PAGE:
As Claudius sends Voltimand and Cornelius off to Norway, he thanks and gives them complete trust.
This shows his trust and caring for his subjects in front of the court, winning even more consent from the council: “We doubt it nothing. He also increases his appearance of an honest and noble man in front of the council by showing his respect for Polonius when he gives his son, Laertes, permission to leave for France.
In William Shakespeare’s Hamlet, the main theme of the play is appearance versus reality.
The characters within the play appear to be sincere and honourable when in reality they are corrupt and immoral.
Polonius appears to be a good father, and honourable man. He gives advice in order to appear to be a caring father, when in fact he speaks in order to look good rather than to actually be good.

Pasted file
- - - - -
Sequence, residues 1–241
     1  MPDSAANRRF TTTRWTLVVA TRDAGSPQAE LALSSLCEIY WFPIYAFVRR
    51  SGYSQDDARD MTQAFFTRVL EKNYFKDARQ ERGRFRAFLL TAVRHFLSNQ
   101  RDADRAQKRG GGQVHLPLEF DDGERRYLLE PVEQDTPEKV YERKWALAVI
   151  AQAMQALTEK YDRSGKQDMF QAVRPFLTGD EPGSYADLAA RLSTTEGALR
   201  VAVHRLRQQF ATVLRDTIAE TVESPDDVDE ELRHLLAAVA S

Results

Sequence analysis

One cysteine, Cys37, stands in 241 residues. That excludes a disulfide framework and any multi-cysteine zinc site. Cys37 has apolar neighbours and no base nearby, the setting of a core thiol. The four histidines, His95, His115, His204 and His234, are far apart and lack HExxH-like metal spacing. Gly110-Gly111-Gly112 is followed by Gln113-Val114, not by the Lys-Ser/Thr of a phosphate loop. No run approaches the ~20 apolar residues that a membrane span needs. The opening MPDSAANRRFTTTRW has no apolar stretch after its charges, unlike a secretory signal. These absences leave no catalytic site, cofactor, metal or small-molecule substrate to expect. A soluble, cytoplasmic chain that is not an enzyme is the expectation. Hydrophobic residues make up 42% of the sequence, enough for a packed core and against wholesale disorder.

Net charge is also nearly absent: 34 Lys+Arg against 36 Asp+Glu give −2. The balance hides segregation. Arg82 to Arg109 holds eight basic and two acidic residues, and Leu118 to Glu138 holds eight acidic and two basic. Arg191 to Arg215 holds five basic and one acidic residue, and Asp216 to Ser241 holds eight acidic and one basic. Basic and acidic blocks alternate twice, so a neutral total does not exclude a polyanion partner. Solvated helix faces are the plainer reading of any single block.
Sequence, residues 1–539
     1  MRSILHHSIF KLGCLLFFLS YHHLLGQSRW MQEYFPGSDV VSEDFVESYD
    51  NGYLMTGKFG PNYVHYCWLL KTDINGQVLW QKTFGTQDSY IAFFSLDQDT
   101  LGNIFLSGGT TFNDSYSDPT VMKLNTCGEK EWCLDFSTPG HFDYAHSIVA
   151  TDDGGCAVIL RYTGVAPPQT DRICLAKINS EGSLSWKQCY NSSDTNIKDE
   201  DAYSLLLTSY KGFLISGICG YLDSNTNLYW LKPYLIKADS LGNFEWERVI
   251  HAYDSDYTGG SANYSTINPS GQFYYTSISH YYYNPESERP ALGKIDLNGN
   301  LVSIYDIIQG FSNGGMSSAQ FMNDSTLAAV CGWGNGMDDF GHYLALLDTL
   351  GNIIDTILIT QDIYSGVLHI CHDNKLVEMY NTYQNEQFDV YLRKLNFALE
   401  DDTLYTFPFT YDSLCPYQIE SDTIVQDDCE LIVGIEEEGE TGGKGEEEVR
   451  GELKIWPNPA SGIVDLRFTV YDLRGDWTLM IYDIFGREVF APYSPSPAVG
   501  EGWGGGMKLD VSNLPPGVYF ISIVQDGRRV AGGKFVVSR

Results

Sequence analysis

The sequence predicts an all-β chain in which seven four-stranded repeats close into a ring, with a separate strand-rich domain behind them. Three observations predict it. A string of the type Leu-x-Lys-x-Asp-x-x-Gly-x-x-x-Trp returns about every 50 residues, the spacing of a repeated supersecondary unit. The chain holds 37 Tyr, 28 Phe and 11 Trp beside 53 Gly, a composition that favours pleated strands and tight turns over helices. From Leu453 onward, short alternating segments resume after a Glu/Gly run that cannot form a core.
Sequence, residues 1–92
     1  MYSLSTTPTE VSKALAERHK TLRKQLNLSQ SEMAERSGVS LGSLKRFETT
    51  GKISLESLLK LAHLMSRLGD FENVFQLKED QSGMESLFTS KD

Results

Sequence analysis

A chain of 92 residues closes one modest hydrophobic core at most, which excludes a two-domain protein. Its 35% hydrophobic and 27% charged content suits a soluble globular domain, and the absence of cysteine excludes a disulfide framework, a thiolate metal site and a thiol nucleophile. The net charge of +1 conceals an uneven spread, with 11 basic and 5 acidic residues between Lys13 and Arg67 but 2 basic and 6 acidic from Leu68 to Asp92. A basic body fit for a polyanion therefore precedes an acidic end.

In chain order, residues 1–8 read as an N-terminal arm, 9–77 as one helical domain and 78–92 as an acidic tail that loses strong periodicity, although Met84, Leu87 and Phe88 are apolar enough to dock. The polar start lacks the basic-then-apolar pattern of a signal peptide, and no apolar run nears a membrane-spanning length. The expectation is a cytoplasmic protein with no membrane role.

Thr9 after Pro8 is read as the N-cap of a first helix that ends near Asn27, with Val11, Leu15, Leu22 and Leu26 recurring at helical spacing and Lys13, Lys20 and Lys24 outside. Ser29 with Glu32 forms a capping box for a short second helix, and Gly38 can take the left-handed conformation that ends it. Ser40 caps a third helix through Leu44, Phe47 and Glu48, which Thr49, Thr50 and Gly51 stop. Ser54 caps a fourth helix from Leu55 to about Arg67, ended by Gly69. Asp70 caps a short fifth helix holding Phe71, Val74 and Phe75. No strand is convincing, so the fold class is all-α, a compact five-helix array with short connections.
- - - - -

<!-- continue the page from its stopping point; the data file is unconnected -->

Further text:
Upon learning that his son is going to France, he gives several pieces of advice to Laertes, in particular “This above all, to thine own self be true” (II. Polonius then sends Reynaldo to bring Laertes money but instructs that “Before you visit him, to make inquire / Of his behaviour” (II. 4-5), and then advises him how to be sneaky about it.While Polonius appears to be a loving and caring father to Laertes and Ophelia, his approach to Ophelia’s relationship with Hamlet and his interaction with the King proves his overwhelming desire for recognition and status.In Act I, having received the consent of both the King and his father, Laertes prepares for Paris.To the general public, Claudius is an honourable man who, in the wake of King Hamlet’s death, marries Gertrude for the betterment of Denmark.In Act I, in the presence of the court, Claudius speaks highly of the spent king and shows a general love for all of his subjects.Surprisingly, Polonius makes no attempt to comfort her.He simply addresses the King concerning the encounter between Hamlet and Ophelia and discusses the next steps in determining the cause of Hamlet’s madness.Before he departs, Polonius takes time to sit down with Laertes and provide a few words of advice.He instructs Laertes to avoid quarrels, to make friends easily, to be neither a borrower or a lender, and most importantly, “to thine own self be true” (82).Four of the main characters that attempt to deceive Hamlet by hiding behind this mask are Rosencrantz and Guildenstern, Polonius, and King Claudius.Rosencrantz and Guildenstern are two of Hamlets childhood friends who are not as they appear. They give the appearance of being Hamlet’s friend, yet in reality, the pair only came to Elsinore because they were summoned. Knowing that his so-called friends are lying about the purpose of their visit, Hamlet discloses nothing to them.